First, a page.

If you’re ready to take control of your money, it’s time to adopt financial habits that will change your life. Many people say they want to improve their personal finances, yet, they don't take the first steps. Even if you weren't taught the fundamentals of money management, it is possible to educate yourself. Here are seven financial habits that will change your life.
1. Treat Your Savings Account like Another Bill
Regularly depositing money into a savings account is one of many financial habits that will change your life. Some people get into a routine of paying bills and they forget to plan for a rainy day. A car repair, a job loss or an illness can have a tremendous impact on your personal finances. With a cash reserve, you might be able to alleviate some financial headaches. Set aside 10% of your pay each pay period.
2. Ask Yourself, “do I Need It?”
To reduce frivolous spending, never buy an item on impulse. It doesn't matter if you stumble upon a great sale. Leave the item in the store, go home and sleep on it. In all likelihood, you will forget about the item once you leave the store. But if the item stays on your mind, consider whether you really need it. If you do – and you can afford it – return and make the purchase.
3. Give Yourself a Splurge Allowance
You work hard and there's nothing wrong with enjoying the fruits of your labor. Each pay period, set aside a certain amount of money for splurging. It doesn't have to be a lot. Use the money to get your nails done, enjoy a massage or purchase a few inexpensive items.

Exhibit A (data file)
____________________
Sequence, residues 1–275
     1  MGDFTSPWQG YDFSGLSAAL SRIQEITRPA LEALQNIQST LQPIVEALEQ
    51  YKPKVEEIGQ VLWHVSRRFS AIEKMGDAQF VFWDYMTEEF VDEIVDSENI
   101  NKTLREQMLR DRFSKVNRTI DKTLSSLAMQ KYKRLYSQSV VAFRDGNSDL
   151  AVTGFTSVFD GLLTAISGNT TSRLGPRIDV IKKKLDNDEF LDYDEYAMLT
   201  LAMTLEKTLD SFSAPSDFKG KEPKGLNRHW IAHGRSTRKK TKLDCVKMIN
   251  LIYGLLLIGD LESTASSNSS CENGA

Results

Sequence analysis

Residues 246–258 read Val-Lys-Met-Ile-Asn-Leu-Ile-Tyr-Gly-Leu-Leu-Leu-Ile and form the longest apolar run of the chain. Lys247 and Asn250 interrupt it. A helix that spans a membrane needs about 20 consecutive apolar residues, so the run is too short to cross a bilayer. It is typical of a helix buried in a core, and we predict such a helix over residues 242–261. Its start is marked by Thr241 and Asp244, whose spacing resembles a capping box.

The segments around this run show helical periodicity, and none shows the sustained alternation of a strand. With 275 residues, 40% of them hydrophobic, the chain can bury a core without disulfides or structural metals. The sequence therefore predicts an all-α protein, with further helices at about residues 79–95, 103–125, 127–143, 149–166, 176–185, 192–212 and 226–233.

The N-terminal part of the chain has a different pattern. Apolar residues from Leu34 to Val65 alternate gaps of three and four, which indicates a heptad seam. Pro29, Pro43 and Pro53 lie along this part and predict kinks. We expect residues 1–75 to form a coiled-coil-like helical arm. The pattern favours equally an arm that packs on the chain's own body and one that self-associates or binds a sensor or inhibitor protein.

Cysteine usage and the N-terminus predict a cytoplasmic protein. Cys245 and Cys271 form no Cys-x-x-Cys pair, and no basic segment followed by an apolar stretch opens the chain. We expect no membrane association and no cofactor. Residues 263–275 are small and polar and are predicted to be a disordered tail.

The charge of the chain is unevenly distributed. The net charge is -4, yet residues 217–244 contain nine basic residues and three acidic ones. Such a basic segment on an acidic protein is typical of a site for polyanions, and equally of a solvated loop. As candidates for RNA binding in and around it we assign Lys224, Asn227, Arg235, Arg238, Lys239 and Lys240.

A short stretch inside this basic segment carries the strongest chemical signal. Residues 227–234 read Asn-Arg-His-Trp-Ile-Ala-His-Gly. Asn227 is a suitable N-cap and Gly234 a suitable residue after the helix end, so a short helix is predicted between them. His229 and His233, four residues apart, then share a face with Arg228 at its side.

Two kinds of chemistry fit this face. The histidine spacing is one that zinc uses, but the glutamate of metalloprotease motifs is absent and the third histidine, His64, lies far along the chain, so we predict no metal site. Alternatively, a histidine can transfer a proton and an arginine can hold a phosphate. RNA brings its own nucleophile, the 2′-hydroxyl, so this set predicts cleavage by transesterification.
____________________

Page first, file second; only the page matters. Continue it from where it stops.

4. Make One Extra Mortgage Payment a Year
Did you know that one extra mortgage payment a year can pay off your loan eight years sooner? Not only can you eliminate the debt faster, you'll save a ton on interest charges. For this to work, you'll need to make a double payment once a year, and then tell your mortgage lender to credit the extra payment to the principal only. Or you can increase each mortgage payment by 1/12, and indicate that you want the extra money applied to the principal.
5. Ditch Credit Cards
They are convenient and easy, but they can also get you into trouble. A credit card can help you establish credit and pay for emergency expenses. However, only use a credit card if you can afford to pay off the balance within 1 to 3 months.
6. Use Credit Cards That Offer Rewards
Then again, maybe you hate carrying around cash. If you prefer to use a credit card for everyday purchases, such as groceries and gas, get a credit card that features a rewards program. For every dollar you spend, you can earn points redeemable for gift cards, cash, statement credit, travel and much more. Just make sure you pay off your balance in full each month.
7. Reduce Your Housing Expense
If your rent or mortgage is more than 28% of your gross monthly income, perhaps it's time to downsize. There is nothing fun about being house poor. If the majority of your money goes to the house payment, there might be little left for savings or enjoying life.
You don't have to be a financial expert to understand good money management. It doesn’t matter if you’ve made mistakes in the past. If you resolve to make smart choices going forward, you can get your money on track. What financial habits have changed your life?